Asplenium platyneuron (L.) Oakes

Ebony spleenwort

Etymology From the Greek platy, broad or wide + neuron, nerves or veins, which is inexplicable and inappropriate, from an exaggerated early drawing.
Description Rhizome: erect, short, scales clathrate, dark brown to black, to 4 mm.
Frond: 40 cm high by 4 cm wide, evergreen, somewhat dimorphic, fertile fronds stiff, erect, earlier, sterile prostrate, only to 10 cm, blade/stipe ratio: 3:1 to 5:1.
Stipe: at first green, then reddish-brown, lustrous all the way to the end of the rachis, dark brown to black, filiform scales at base, then glabrous, vascular bundles: 2 C-shaped, back to back, uniting to 1 upwards in an X-shape.
Blade: 1-pinnate, linear, widest above the middle, tapering to either end, commonly with tiny glandular hairs and a few linear scales.
Pinnae: 25 to 45 pair, alternate, fewer pair on sterile fronds, pinnae eared upwards, also sometimes downwards, oblong, but lowest pinnae short, triangular; margins finely crenate or serrate; veins free.
Sori: linear, 2 mm, 1--12 pairs per pinna, paired across the midrib, herringbone-style, indusium: white or translucent, on one side of the sorus, sporangia: brown, maturity: late summer.
Culture Habitat: rock ledges and walls, on limestone, and terrestrial on subacid soil, light shade to sun. Distribution: eastern North America, disjunct in Arizona, and, hold your hat, South Africa. Hardy to -30C, USDA Zone 4.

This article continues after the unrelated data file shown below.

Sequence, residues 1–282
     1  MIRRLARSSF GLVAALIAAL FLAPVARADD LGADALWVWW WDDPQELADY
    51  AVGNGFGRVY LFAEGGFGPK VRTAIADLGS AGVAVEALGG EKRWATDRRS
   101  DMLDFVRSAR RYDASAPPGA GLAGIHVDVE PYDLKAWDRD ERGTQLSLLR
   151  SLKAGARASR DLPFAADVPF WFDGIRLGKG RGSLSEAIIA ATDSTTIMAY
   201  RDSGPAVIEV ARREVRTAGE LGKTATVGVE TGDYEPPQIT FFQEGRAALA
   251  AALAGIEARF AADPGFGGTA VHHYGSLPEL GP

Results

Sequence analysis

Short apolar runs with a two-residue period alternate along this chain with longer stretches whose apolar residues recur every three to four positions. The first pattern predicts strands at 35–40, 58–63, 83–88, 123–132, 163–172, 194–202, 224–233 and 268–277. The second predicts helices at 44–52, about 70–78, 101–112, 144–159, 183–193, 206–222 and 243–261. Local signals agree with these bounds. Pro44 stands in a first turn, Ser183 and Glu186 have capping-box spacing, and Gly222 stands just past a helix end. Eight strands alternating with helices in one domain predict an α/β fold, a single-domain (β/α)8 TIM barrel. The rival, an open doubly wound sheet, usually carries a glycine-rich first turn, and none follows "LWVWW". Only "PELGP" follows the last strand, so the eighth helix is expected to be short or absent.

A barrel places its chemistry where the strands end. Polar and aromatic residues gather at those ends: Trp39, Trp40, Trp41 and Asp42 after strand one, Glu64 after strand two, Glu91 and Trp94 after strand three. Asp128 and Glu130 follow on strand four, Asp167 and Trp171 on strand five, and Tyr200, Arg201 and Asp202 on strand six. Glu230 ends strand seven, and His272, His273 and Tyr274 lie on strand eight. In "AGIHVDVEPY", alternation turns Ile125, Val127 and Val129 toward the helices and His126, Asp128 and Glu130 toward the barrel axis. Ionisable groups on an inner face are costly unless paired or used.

Distinctive Characteristics The reddish-brown color of stipe and rachis is the source of the common name.
Acrostichum platyneuron L.
Asplenium platyneuron (L.) Britton, Sterns & Pogg.
Asplenium ebenum Ait.
Asplenium platyneuron var. bacculum-rubrum (Fernald) Fernald
Asplenium platyneuron var. incisum (E. C. Howe) Robinson
Asplenium platyneuron
Asplenium platyneuron. Early June, current year's taller, vertical, fertile fronds, last year's shorter, decumbent, sterile fronds. New sterile fronds will arch.  Ray Edwards, 2004.
Asplenium platyneuron
Asplenium platyneuron. a) habit, b) fertile pinnae.  Illustration by V. Fulford from Ferns and Fern Allies of Canada, William J. Cody and Donald M. Britton, 1989, Agriculture Canada, used with permission.
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